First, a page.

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For the constituency, see Hanamkonda (Lok Sabha constituency).
Jaina Tirthankara Relief at Padmakshi Temple, Hanamakonda
Jaina Tirthankara Relief at Padmakshi Temple, Hanamakonda
Hanamkonda is located in Telangana
Location in Telangana, India
Coordinates: 18°01′00″N 79°38′00″E / 18.0167°N 79.6333°E / 18.0167; 79.6333Coordinates: 18°01′00″N 79°38′00″E / 18.0167°N 79.6333°E / 18.0167; 79.6333
Country  India
State Telangana
Metro Warangal
 • Body Greater Warangal Municipal Corporation
 • Official Telugu
Time zone IST (UTC+5:30)
PIN 506001
Telephone code 91870
Vehicle registration TS 03

Hanumakonda is a suburb of the city of Warangal, India. Hanumakonda is between Kazipet and Warangal about 140 km (87 mi) northeast of the state capital, Hyderabad. It is also known as "Hanmakonda" and "Hanamkonda". Hanumakonda comes under the Greater Municipal corporation of Warangal, which comprises Warangal, Hanumakonda and Kazipet, locally called 'tri-cities'.


Hanumakonda was the capital of Kakatiya kings till 12th century, before the foundation of Warangal. The ruins of the fort can be seen today on the south end of Hanaumakonda town, along a big hill.

Hanamkonda contains some very interesting buildings of which the 'thousand pillar temple' is especially noteworthy. It was built in 1162 in the Chalukyan style by the kings of Kakatiya dynasty. It consists of three spacious detached halls with portico supported by 300 pillars. Opposite to the portico is a star shaped mandapa supported on 200 pillars, ther[clarification needed] of which bear old Telugu and Sanskrit inscriptions. Near the temple is a fine well 'koneru'.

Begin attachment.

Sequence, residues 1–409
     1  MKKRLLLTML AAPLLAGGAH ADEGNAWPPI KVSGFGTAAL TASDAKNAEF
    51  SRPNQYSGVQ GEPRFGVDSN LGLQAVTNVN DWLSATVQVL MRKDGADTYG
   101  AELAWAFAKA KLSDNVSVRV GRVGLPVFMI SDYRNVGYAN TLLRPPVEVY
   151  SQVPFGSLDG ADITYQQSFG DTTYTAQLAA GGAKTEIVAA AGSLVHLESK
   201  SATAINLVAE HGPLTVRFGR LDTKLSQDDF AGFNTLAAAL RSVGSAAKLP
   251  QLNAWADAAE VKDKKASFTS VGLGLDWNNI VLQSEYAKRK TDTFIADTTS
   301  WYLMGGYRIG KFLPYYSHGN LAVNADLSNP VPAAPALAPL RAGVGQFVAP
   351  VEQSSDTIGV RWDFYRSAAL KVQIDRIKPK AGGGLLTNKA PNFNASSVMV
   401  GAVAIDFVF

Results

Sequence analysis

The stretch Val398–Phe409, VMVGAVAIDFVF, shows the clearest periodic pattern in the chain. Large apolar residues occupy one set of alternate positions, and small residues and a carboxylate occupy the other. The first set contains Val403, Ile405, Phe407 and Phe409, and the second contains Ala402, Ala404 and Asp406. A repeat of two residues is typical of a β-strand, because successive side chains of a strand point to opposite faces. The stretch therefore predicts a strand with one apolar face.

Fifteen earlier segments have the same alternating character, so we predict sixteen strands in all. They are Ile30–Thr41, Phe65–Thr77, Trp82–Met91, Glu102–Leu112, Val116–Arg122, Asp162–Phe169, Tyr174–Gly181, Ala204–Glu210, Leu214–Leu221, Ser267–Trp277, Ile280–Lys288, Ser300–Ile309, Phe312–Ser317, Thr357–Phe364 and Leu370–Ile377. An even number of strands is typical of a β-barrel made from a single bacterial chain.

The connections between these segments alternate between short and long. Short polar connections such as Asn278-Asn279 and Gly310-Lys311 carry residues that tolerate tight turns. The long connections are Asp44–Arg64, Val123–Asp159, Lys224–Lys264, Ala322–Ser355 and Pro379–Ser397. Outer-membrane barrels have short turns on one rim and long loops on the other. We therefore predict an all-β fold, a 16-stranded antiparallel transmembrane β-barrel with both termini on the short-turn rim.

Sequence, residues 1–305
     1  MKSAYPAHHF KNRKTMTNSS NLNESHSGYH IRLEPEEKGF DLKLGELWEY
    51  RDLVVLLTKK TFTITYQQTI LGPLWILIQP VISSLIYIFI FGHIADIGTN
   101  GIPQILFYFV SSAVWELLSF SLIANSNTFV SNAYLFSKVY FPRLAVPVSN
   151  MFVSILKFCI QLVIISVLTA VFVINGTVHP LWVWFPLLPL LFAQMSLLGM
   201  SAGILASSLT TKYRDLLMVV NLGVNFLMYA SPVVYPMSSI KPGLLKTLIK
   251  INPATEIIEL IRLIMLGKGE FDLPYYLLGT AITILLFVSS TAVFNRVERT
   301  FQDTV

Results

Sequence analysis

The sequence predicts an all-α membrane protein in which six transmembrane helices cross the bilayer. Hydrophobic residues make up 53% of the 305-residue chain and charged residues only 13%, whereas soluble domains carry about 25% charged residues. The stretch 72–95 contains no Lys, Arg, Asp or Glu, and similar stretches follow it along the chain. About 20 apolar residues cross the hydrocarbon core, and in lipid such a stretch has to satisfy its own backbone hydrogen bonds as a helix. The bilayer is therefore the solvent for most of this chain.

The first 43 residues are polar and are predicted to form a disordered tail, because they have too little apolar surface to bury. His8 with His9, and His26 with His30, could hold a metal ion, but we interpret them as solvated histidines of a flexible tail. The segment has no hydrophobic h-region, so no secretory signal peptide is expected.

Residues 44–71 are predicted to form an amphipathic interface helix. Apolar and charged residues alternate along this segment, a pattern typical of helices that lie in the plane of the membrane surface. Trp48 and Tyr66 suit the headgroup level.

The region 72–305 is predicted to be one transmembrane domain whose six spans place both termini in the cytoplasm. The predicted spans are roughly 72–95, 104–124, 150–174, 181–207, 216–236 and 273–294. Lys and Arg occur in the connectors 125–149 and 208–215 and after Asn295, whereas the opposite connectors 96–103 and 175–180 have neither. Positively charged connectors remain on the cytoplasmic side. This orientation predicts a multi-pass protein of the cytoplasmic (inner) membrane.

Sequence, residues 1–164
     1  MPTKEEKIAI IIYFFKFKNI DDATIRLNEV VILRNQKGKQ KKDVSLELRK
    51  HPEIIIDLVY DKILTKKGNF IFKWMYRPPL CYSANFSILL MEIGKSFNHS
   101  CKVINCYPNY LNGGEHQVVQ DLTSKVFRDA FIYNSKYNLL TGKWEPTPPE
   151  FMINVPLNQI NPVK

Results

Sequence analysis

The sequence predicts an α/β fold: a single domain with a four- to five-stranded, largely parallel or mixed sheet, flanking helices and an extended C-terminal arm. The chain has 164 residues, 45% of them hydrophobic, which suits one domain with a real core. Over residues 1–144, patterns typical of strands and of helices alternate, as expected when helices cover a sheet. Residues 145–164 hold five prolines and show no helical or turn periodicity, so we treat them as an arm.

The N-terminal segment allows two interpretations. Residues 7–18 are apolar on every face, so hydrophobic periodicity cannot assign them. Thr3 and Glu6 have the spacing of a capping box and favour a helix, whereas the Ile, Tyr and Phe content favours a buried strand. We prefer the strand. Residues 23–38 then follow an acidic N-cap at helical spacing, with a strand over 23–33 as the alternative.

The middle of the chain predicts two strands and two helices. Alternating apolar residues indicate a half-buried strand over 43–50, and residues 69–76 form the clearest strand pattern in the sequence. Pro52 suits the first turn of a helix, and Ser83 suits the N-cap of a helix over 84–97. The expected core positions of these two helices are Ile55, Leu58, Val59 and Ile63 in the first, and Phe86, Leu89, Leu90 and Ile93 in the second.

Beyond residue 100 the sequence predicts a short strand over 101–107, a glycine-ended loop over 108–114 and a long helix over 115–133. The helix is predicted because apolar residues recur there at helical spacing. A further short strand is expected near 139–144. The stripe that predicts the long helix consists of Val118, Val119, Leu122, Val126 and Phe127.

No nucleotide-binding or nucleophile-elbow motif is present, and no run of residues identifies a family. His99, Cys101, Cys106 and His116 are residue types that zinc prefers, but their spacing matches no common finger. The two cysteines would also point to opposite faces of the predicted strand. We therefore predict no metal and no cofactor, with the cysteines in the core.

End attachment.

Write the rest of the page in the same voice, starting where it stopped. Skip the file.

Until the merger of Hyderabad State in Indian Union, Hanumakonda was the headquarters of the Warangal "Suba". "Subedari" is the area of Hanumakonda that houses the Collectorate and almost all the district-level government offices of the Warangal District. The Collector's residence (old Subedar bunglow) has the largest area (about 15 acres) than any other Collector's residence in Andhra Pradesh. Today's Hanumakonda has grown along northern and western directions and several residential colonies are developed.


1000 pillar temple at Hanamakonda

Sri Rudreshwara Swamy Temple is decorated with 1,000 pillars and is popularly known as Thousand Pillars Temple. The Kakatiya ruler 'Rudra Deva' built this historic monument in 1163 A.D. and named after him as Sri Rudreswara Swamy Temple "Trikootalaya". The presiding deity is Rudreswara. The remaining two sanctum sanctorums are dedicated to Lord Durya and Lord Vishnu. The gains Nandi as in Lepakshi in front of the temple is unique in sculptural beauty. It is under control and maintenance of the Archaeological Department.

View of Padmakshi Temple at Hanamakonda

Padmakshi Temple, believed to be built during first quarter of the 12th century, is a beautiful temple at Warangal with Goddess Padmakshi as the main deity. The wonderful Annakonda Pillar, a stunning quadrangular column made with granite black stone, is at the entrance of this temple. The four faces of the pillar are marvelous and impressive. The sculptures and carvings lead the light to the belief that initially this was a Jain shrine dedicated to Jain Goddess Kdalalaya. The Padmakshi temple is worth visiting and the structure is eye catching. Many visitors come to see the exquisite structure.

Hanamakonda is an important Jain heritage site

The ancient Siddheshwara Temple, dedicated to Lord Shiva, is very close to Hanamkonda in Warangal. The architecture is marvelous and is similar to Chalukyan style. The temple is decorated amazingly with intricately carved pillars. This is an important Shivaite temple. Devotees throng to this holy temple during the Maha Shivarathry festival. It has a majestic look and the surroundings are serene and secluded. The temple offers great peace of mind to its devotees.


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